(CN) – Washington state lawmakers must share their personal correspondence, drafts of bills and schedules under the state’s Public Records Act, the Evergreen State’s high court justices ruled Thursday.
Lawmakers have claimed for years that their records are not subject to disclosure requirements under the voter-approved 1972 law. A coalition of 10 news agencies led by The Associated Press sued in 2017 claiming such records – including, among other things, emails, text messages and workplace harassment complaints – were what the public needs access to most.
Thurston County Superior Court Judge Chris Lanese agreed in part, ruling in 2018 that state representatives and senators were included among other elected officials subject to the Public Records Act. The lawmakers appealed, and the parties argued the case before the Washington State Supreme Court in June.
On Thursday, the high court affirmed the lower court’s decision in a split ruling.
“If, as the legislative defendants argue, individual legislators’ offices were not ‘agencies’ subject to the PRA’s general public records disclosure mandate, then ostensibly neither would be the governor’s office or the eight other executive branch entities,” Associate Justice Susan Owens noted in the majority opinion. “Such an interpretation of the PRA would be untenable given long-standing practice regarding the PRA’s applicability to executive branch offices.”
The media outlets’ attorney Michele Earl-Hubbard said Thursday that the ruling is a win for public accountability.
“Today, the Supreme Court has confirmed that the individual legislators are in fact covered by the PRA and do have to respond under the act,” Earl-Hubbard said in an interview. “Just like every other mayor or school board member, they have to respond. It is no longer appropriate to say, ‘I don’t have to follow this law because it doesn’t apply to me.’”
The act requires “all state agencies” to “make available for public inspection and copying all public records.” It does not specifically say whether individual lawmakers are included under its definition of state agencies. But it does provide an explicit exemption for the secretary of the state Senate and the chief clerk of the House – and does not provide a specific exemption for individual lawmakers, Justice Owens wrote.
Owens shrugged off lawmakers’ claim that the Legislature is a branch of government, rather than a government agency. And she found Washington state’s law governing campaign finance contributions and disclosure, a precursor to the Public Records Act does include individual lawmakers under its definition of “state agency.” That definition was operational at least until the Legislature amended the law in 2005 and 2007. And even then, lawmakers couldn’t have excluded themselves from records disclosure requirements simply through attrition, the ruling states.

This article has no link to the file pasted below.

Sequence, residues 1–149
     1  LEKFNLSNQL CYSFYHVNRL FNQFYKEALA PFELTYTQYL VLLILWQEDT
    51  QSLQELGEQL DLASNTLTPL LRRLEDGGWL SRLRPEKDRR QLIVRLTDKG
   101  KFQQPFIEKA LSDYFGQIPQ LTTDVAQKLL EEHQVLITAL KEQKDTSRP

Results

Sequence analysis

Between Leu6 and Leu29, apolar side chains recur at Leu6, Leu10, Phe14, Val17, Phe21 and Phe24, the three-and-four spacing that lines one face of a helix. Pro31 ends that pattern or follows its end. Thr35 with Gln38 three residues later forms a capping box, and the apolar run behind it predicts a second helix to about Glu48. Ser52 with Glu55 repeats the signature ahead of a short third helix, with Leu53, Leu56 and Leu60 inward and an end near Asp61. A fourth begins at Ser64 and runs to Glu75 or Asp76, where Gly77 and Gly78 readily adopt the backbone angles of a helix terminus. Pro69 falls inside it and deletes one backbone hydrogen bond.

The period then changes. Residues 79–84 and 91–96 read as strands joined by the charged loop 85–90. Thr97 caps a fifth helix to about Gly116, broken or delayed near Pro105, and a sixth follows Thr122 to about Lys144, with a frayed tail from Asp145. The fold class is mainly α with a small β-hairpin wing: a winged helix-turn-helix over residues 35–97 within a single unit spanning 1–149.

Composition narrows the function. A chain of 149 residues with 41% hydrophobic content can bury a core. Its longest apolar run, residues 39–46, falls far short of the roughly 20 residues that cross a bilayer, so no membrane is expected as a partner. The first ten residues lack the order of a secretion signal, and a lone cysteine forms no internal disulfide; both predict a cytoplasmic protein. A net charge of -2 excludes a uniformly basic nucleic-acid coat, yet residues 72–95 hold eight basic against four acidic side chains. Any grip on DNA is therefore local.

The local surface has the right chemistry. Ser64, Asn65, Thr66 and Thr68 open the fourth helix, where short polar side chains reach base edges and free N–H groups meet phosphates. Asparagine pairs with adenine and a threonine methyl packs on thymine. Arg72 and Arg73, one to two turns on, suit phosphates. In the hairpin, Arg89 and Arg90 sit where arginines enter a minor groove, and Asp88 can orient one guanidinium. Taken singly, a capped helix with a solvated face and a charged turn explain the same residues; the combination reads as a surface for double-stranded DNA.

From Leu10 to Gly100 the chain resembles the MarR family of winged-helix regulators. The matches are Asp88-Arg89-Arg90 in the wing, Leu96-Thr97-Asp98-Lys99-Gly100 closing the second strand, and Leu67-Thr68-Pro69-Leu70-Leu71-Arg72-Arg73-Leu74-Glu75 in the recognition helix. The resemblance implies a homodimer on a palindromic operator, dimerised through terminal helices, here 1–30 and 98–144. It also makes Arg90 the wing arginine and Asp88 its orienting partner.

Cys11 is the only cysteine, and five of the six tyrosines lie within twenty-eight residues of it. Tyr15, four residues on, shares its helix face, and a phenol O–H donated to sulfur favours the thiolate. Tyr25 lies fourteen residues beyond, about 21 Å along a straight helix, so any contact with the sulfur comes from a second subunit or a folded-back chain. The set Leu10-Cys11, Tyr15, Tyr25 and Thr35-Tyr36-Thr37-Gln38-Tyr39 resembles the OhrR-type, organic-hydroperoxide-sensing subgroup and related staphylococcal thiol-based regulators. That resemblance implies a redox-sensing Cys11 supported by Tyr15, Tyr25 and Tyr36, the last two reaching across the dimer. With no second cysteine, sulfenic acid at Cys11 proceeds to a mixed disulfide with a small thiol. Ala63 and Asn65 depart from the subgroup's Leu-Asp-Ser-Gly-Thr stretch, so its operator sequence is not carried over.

“Without more – such as notice to the electorate that legislators were attempting to exempt themselves from the PRA – neither amendment was sufficient to accomplish that feat.”
Dissenting in part, Justice Debra Stephens wrote she would consider the state Senate and House – not just the individual lawmakers contained within them – state agencies and therefore beholden to the Public Records Act.
Separately, Justice Sheryl Gordon McCloud said she would have found that legislators are not agencies and instead would have found they are subject to the Public Records Act “to the same extent as the Legislature of which they form a part.”
In a statement, House Speaker-designate Laurie Jinkins, D-Tacoma, said lawmakers would review the opinion and work on implementing it.
“House Democrats believe in open and accountable government. While we have already taken action toward better access to public records, we have more work to do,” Jinkins said. “We are still reviewing the court’s decision to determine its specific impacts and will work with our colleagues in the House and Senate to move forward on implementing the decision to ensure transparency in government for Washingtonians.”
Earl-Hubbard said the majority ruling should be a rallying point for increased transparency in other states.
“We hope that this is a nice signal to other states that they can and should be holding their legislators accountable, just like they do their local officials,” Earl-Hubbard said. “We think that transparency and sunshine is the best disinfectant to corruption and it will make people do a better job.”